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One Warriors Play: Spurs Play + Curry = Bogut Dunk

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A deep dive analysis of the Warriors running a Spurs play, from the Pelicans-Warriors game.

Curry v Brow
Curry v Brow
Kyle Terada-USA TODAY Sports

This is the start of a what I hope is a running series through the season, where we can look at one play from a recent game and do a deep dive analysis. Over the course of the season, I hope this series will illuminate the different pieces of the Warriors schemes. I will try to make it readable for all levels of basketball fans.

Here is a nice play from last night's Pelicans game. A casual viewer might see the Warriors throw the ball around, and the Curry does magic and Bogut gets a dunk. In fact, here, just enjoy it as a fan for its beauty.

From The Spurs Playbook: Motion Strong

I picked this play because I noticed in preseason that the Warriors have been expanding their options out of the Spurs Motion plays, and this play is one option they have been working on.

Here is a rule of thumb to identify Motion Weak and Motion Strong. If you see three Warriors across the top of the court, and a guard swings it from one side of the court to the other, it's probably a Spurs Motion play. When the guard swings it to the center and stays on the original side of the court, it is called a Motion Strong play. If the guard swings it and then cuts across to the non-Strong side, it's called Motion Weak.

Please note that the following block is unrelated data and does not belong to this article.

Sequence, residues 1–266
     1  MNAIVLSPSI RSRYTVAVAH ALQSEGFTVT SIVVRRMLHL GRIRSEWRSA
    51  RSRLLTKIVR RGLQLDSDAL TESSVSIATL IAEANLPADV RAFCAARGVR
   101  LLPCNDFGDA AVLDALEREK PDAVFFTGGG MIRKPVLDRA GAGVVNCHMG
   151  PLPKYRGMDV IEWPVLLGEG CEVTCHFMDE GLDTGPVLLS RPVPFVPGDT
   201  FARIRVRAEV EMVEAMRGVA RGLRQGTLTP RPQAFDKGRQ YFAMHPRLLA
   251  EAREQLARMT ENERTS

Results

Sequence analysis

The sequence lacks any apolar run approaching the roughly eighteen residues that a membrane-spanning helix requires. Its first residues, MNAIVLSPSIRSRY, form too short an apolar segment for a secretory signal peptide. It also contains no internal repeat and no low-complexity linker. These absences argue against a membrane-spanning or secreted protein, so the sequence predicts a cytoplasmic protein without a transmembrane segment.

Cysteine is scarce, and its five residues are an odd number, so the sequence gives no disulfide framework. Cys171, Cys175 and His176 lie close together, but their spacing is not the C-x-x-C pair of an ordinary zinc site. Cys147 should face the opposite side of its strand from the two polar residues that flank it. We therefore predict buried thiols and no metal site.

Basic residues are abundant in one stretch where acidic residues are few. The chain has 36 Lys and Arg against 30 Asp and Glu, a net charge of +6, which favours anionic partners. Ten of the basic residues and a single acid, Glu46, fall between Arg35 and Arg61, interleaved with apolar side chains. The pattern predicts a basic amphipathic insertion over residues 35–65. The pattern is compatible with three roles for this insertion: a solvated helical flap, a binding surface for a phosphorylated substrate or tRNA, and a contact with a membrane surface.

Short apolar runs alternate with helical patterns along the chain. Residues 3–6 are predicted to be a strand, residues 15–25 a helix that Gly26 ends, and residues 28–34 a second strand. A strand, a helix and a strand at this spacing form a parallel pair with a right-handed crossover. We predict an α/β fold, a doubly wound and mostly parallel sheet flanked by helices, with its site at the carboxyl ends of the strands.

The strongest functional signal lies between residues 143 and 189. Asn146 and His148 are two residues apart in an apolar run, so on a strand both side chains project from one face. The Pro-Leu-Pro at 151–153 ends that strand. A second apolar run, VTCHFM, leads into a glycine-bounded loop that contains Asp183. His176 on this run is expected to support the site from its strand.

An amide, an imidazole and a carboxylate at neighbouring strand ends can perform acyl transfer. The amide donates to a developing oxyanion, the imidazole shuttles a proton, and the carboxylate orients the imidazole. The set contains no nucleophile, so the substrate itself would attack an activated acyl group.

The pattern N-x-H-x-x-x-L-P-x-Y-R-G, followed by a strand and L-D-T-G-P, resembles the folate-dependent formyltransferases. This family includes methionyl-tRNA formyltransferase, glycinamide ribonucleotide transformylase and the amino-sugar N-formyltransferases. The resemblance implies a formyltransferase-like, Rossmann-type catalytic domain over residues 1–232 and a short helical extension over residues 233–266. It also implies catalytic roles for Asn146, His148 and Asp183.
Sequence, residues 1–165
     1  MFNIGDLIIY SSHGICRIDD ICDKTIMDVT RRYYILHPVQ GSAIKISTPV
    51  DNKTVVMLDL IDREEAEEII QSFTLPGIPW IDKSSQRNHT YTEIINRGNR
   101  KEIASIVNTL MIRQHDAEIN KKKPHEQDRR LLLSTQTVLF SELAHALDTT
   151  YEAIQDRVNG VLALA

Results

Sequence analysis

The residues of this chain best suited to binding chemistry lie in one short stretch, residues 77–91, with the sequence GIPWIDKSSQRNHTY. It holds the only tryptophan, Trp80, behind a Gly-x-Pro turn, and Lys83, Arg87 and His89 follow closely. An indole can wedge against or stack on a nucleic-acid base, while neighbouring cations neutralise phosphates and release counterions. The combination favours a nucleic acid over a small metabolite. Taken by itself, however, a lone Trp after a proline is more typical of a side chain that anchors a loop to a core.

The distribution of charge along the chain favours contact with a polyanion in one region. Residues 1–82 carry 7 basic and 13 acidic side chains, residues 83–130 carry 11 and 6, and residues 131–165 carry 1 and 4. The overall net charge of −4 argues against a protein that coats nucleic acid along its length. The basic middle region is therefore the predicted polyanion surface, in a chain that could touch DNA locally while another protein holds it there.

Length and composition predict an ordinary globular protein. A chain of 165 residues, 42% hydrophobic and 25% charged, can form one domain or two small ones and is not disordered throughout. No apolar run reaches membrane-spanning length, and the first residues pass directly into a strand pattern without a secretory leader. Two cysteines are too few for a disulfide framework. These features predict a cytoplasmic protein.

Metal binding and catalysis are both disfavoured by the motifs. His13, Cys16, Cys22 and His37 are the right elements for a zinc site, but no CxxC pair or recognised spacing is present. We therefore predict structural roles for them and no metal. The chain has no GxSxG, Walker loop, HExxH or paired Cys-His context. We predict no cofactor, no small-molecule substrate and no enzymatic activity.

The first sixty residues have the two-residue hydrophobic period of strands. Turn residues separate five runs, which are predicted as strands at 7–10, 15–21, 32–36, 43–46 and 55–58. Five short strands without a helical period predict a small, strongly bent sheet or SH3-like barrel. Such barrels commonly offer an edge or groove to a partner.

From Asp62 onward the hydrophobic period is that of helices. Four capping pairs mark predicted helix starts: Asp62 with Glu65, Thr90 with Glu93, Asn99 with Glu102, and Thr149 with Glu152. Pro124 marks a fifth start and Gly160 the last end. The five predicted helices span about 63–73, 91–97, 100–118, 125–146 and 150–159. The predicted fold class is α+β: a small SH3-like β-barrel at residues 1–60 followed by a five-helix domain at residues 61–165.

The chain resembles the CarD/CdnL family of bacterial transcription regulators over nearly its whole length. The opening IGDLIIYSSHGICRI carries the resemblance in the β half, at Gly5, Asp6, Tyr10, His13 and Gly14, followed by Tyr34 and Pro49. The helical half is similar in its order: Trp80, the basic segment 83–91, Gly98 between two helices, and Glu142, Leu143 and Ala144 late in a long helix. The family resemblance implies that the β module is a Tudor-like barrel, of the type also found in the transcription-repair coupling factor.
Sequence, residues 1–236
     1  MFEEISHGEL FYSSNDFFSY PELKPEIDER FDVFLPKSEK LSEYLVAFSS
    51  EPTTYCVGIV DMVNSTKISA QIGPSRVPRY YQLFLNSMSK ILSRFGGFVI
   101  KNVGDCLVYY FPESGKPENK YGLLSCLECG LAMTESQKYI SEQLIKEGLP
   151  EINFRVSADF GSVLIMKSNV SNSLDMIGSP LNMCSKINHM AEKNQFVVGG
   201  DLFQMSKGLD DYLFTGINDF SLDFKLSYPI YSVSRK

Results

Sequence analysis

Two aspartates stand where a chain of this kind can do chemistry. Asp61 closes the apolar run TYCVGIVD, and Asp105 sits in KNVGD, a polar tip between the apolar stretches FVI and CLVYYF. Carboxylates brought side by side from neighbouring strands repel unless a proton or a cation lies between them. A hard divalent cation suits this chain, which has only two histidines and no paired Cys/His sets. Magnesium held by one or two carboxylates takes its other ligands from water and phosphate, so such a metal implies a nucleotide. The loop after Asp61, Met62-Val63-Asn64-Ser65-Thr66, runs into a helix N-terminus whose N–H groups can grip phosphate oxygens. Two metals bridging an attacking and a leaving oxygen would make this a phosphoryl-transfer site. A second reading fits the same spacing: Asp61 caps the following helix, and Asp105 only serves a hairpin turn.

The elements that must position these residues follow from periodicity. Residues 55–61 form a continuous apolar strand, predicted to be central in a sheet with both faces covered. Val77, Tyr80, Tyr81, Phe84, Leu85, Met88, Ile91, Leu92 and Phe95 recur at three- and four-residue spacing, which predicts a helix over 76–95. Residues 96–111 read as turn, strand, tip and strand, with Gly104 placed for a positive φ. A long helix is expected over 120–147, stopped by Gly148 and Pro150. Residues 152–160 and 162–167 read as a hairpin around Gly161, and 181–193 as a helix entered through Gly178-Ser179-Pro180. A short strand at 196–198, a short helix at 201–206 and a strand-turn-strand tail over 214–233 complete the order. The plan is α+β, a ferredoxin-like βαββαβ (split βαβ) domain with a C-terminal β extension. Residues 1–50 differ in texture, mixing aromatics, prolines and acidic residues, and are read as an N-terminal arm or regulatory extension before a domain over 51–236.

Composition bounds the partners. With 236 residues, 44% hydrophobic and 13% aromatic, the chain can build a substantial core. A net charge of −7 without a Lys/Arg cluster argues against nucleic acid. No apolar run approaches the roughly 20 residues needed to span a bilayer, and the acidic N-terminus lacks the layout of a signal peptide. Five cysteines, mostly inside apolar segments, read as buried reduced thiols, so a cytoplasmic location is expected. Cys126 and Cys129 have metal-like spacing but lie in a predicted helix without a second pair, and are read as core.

So let's look at the play again, but let's attend to the parts of the play.

  • The Motion Strong start. Three men across the top, Curry swings the ball to Bogut who swings it to Barnes on the weak side. Curry stays on the strong side.
  • First option is Draymond Green gets a screen from Curry and cuts up to the top. Anthony Davis defends as expected, so they move to the next option.
  • Second option is a Curry-Green pick and roll. This is the real option the W's are planning on.
  • Curry gets a great screen from Green, gets in front of his defender, and drives all the way to the paint. Bogut's defender comes over to help, so Curry makes a wonderful bounce pass to Bogut, who makes a very nice catch and dunk.

I've re-embedded it here for your convenience.

Did You Notice?  Big Man Soap Opera

  • You can clearly see Perkins very early in the play realizes there is going to be a Curry-Green pick and roll, and he yells and points for his guards (Eric Gordon #10 and Dante Cunningham #44) to be ready to switch on to Bogut when Perkins rotates to stop a Curry drive. Cunningham is distracted covering Barnes in the far corner and lets Bogut roam freely and eventually get the pass for a dunk.
  • Bogut recognizes his good fortune about one second after Perkins calls for help, and as Steph turns the corner, he actually motions twice to Steph to throw a lob, since Perkins is far away and Cunningham is small.
  • Perkins expected Cunningham to cut off the pass to Bogut and right after the dunk, he gives him a death glare and punches his fist, enacting the Perkins Curse, which will cause Cunningham to get smashed in the head later that game.

What's Good About This Play?